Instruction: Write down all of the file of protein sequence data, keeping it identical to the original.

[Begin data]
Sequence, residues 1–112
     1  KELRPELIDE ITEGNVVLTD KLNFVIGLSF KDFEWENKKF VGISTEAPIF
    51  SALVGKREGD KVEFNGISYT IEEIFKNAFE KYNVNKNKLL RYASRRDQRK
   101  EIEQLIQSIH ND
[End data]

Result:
Sequence, residues 1–112
     1  KELRPELIDE ITEGNVVLTD KLNFVIGLSF KDFEWENKKF VGISTEAPIF
    51  SALVGKREGD KVEFNGISYT IEEIFKNAFE KYNVNKNKLL RYASRRDQRK
   101  EIEQLIQSIH ND